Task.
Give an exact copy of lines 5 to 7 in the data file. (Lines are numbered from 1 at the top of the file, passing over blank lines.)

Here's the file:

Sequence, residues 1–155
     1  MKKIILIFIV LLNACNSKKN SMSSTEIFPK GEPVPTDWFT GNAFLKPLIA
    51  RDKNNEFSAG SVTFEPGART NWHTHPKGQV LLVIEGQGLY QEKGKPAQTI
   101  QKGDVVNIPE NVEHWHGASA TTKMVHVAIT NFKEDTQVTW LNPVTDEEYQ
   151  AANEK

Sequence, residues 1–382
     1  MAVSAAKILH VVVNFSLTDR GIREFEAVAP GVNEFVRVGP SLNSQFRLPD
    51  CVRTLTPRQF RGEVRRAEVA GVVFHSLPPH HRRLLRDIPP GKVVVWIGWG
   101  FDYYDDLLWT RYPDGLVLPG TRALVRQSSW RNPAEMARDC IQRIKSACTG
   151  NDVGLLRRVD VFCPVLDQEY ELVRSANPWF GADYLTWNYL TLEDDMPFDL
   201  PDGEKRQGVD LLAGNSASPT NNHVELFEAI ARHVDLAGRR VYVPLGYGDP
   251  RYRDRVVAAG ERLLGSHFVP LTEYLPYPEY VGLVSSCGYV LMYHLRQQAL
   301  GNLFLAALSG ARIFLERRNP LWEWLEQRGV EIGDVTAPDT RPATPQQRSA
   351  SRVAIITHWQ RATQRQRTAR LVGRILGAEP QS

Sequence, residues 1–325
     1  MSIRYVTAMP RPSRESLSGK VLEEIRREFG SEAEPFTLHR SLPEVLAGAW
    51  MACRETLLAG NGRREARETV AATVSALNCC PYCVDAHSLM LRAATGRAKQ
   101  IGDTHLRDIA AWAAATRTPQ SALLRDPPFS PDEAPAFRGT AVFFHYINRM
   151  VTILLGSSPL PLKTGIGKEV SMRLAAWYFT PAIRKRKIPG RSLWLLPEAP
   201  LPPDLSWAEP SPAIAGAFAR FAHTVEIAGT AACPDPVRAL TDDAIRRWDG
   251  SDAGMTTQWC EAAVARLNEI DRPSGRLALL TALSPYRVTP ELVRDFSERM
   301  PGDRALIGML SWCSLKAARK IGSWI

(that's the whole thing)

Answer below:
   151  AANEK

Sequence, residues 1–382
     1  MAVSAAKILH VVVNFSLTDR GIREFEAVAP GVNEFVRVGP SLNSQFRLPD